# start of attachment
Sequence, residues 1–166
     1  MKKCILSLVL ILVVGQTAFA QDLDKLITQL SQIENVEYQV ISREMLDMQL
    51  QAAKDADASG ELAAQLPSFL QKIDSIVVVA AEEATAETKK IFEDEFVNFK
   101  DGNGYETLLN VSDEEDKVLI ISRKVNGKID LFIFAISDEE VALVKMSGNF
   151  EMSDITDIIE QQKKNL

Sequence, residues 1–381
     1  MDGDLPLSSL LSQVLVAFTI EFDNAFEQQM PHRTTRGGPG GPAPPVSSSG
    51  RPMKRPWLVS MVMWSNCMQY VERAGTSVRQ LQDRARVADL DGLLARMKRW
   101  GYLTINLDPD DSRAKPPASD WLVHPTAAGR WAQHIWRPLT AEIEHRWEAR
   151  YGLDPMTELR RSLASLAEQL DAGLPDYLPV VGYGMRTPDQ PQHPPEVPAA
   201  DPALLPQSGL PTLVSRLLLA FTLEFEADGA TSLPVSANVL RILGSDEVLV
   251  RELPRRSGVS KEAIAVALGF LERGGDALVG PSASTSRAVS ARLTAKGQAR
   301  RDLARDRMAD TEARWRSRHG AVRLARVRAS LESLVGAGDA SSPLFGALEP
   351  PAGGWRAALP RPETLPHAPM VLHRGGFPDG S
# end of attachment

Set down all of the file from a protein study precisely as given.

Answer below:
Sequence, residues 1–166
     1  MKKCILSLVL ILVVGQTAFA QDLDKLITQL SQIENVEYQV ISREMLDMQL
    51  QAAKDADASG ELAAQLPSFL QKIDSIVVVA AEEATAETKK IFEDEFVNFK
   101  DGNGYETLLN VSDEEDKVLI ISRKVNGKID LFIFAISDEE VALVKMSGNF
   151  EMSDITDIIE QQKKNL

Sequence, residues 1–381
     1  MDGDLPLSSL LSQVLVAFTI EFDNAFEQQM PHRTTRGGPG GPAPPVSSSG
    51  RPMKRPWLVS MVMWSNCMQY VERAGTSVRQ LQDRARVADL DGLLARMKRW
   101  GYLTINLDPD DSRAKPPASD WLVHPTAAGR WAQHIWRPLT AEIEHRWEAR
   151  YGLDPMTELR RSLASLAEQL DAGLPDYLPV VGYGMRTPDQ PQHPPEVPAA
   201  DPALLPQSGL PTLVSRLLLA FTLEFEADGA TSLPVSANVL RILGSDEVLV
   251  RELPRRSGVS KEAIAVALGF LERGGDALVG PSASTSRAVS ARLTAKGQAR
   301  RDLARDRMAD TEARWRSRHG AVRLARVRAS LESLVGAGDA SSPLFGALEP
   351  PAGGWRAALP RPETLPHAPM VLHRGGFPDG S